Game Relevance

This is something that needs to be addressed the most. Everything that we teach needs to be attributes that can be used in games. We work with players to not only improve their individual game, but also to increase their value to the team in which they play for. We may be watching a college,NBA, or FIBA game and see a player make a move that intrigues us.

The first question that you need to ask yourself is what skill level does a player need to have to make a move like the one that you just saw on film. I dont think that crossover 2 dribble stepback fade away is a good move to teach that 14 year old that has a hard time even crossing over. Just like a comedian you need to know your audience that is crucial in our industry. Knowing your audience is the difference between being a skill instructor and A REALLY GOOD skill instructor.

I see so many workouts where players, especially young ones are going through these moves that are way over their head. I know we are excited in getting to introduce new things to our clients, but you have to ask yourself some questions.

1.) Will they actually use this move and be effective with it?

2.) In the offense in which their team runs is this something that would help them?

3.) Knowing their coach is this something that they would be happy with their player using or them?

Don’t Be Afraid of Being Simple

We all want to standout in our field, but it is important not to want to standout just for the sake of doing so. Our job is to make our players better and develop their value. I’ve never been one to teach advanced moves that were spectacular moves used at the pro level. Even when working with 200 + NBA players, most of the workouts I put them through are very basic.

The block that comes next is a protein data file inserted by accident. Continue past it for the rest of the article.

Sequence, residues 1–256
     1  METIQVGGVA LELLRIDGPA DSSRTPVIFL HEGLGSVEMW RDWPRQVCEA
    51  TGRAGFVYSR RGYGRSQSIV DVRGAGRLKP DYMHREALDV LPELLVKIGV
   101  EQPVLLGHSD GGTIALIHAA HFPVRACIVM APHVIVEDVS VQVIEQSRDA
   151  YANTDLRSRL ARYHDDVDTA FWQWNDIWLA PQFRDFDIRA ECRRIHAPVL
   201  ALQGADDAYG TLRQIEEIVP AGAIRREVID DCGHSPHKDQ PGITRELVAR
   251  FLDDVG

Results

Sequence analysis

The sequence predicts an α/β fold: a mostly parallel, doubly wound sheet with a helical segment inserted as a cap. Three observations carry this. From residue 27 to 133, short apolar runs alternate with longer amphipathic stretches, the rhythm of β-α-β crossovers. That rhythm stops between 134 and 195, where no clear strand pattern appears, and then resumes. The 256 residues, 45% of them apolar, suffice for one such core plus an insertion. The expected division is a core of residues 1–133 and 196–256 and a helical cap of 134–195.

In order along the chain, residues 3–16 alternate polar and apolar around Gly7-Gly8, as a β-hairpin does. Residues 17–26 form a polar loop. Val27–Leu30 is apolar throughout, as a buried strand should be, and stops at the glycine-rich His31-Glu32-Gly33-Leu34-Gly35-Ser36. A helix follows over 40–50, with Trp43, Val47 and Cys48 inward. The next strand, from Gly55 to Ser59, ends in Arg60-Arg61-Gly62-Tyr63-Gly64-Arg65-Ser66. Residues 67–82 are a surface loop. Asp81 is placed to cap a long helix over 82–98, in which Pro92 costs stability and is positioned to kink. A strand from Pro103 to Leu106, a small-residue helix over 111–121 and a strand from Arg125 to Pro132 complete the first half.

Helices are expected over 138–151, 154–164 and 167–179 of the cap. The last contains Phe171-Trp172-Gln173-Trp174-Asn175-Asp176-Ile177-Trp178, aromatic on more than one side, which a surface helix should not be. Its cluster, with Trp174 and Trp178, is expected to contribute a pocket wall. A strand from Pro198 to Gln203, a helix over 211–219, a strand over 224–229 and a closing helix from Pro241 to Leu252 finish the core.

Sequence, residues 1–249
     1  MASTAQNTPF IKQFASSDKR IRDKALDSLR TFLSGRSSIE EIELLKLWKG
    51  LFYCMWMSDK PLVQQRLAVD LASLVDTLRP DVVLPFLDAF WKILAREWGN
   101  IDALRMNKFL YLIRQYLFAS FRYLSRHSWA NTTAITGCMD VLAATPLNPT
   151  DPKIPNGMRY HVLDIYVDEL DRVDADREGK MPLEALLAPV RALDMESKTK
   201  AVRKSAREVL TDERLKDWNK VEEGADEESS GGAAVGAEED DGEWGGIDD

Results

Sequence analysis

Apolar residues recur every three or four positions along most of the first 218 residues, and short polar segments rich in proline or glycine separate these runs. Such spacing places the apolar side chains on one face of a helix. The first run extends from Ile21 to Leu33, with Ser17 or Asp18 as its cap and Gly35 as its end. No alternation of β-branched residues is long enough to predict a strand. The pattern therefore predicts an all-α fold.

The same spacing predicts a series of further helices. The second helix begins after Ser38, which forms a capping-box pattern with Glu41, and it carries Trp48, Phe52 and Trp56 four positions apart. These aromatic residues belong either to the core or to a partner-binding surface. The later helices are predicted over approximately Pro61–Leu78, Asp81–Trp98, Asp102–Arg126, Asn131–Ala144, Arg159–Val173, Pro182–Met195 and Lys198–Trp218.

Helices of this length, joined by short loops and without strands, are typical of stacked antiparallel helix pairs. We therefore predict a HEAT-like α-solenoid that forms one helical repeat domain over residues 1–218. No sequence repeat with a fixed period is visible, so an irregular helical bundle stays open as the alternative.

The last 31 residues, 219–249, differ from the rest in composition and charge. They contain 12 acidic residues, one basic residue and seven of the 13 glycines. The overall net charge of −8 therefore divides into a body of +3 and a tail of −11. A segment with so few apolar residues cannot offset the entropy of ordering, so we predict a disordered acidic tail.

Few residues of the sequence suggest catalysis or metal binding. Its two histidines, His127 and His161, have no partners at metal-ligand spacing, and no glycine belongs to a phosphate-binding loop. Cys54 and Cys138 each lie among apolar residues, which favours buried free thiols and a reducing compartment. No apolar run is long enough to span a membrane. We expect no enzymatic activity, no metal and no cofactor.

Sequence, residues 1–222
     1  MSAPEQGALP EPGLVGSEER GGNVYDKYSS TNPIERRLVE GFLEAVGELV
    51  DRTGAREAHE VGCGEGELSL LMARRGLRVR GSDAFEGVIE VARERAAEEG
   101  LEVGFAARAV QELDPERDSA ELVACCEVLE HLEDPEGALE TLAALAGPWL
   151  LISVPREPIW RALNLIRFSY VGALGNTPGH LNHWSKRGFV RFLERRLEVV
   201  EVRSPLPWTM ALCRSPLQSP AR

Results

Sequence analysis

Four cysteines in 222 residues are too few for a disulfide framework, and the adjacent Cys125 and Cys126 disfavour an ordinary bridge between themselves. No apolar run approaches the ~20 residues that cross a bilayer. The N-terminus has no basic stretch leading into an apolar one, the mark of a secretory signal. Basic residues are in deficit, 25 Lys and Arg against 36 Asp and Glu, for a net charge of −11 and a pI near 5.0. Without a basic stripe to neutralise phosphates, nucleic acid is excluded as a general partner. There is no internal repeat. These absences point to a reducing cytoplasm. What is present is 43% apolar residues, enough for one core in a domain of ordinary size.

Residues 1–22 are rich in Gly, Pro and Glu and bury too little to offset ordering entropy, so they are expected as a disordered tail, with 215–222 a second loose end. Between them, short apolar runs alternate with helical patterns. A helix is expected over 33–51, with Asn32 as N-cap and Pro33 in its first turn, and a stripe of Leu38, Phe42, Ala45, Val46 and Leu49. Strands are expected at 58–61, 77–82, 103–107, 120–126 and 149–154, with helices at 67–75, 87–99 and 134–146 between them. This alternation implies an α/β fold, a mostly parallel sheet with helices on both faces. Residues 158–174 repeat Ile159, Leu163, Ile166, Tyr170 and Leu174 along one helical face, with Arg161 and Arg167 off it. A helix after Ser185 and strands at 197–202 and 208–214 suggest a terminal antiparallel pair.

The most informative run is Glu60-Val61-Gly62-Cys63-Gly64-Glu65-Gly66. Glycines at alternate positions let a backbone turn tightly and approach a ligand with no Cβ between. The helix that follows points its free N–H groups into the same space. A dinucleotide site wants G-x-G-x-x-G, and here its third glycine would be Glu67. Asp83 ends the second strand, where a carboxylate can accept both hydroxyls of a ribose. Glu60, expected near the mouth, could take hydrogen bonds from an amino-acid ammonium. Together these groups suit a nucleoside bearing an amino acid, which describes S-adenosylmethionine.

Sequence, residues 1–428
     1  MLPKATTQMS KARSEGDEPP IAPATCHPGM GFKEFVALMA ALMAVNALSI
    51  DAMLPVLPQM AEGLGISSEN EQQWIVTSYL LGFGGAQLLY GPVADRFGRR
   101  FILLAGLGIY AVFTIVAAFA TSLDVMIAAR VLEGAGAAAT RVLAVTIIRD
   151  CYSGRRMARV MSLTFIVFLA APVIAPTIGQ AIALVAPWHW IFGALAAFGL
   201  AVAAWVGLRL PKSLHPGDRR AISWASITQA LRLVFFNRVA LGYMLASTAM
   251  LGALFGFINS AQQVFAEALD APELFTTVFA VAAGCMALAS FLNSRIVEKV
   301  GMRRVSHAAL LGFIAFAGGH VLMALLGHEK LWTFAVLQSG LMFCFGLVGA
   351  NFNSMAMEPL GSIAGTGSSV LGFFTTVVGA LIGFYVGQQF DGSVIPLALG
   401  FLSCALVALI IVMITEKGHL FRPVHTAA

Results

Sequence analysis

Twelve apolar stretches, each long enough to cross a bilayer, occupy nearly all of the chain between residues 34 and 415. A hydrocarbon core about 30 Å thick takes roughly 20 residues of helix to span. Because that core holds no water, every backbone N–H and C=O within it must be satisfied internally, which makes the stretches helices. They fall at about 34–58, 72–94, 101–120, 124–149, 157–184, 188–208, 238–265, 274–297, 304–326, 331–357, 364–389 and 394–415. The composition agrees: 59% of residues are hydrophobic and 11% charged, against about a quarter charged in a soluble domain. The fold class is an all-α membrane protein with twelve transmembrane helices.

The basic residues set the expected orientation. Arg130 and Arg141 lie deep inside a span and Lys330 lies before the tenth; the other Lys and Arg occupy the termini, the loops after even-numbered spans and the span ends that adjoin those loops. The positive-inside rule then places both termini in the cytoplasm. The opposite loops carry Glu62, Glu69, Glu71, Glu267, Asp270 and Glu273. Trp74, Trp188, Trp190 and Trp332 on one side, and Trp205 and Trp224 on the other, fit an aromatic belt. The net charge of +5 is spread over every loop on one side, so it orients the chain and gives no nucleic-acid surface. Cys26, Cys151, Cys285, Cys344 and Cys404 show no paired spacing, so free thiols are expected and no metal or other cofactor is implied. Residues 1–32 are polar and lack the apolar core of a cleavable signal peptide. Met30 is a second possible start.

Here are some things that I think about when working with players at all levels.

1.) What position/positions will this player play?

2.) What is the athletic ability and/or skill level of this player?

3.) What is the system in which this player will play?

4.) What are the skill sets that a player of their position/skill level/size/athletic ability need to develop to get them in a game.

5.) How am I going to develop a workout routine that will incorporate game shots,movements/cuts, and flow of their team’s offensive system

Question 4 is one of the most important one in which I need to answer. How am I going to help this player get in a game and be effective for their team. If they are already a starter then how are you going to develop skill sets that will help their team win games.

Workouts in the most part should be simple. Take game shots that they will be taking and make that dominate the workout that you put them through. Whatever you want to incorporate in their routine should be something that they will use in a game. Don’t just teach things that look good to YOU, teach things that will benefit THEM.

Training sessions are about developing a routine that will challenge your client(s) on a daily basis as well as improve their skill sets and value to their team. However you decide to develop this plan is up to you. The workouts that you develop don’t have to be futuristic and game changing. They just have to get your players better and develop their value.

Incorporate Team Concepts With Your Workouts

The biggest knock from coaches about player development coaches is that what we teach is only good for 1-on-1 and don’t teach players to play in a 5-on-5 setting. As skill development coaches a lot of what we do is working with players individually. I think it is very important to get that trust and relationship with the players that we work with first. The biggest way to develop these things is to spend a lot of time 1-on-1 with them.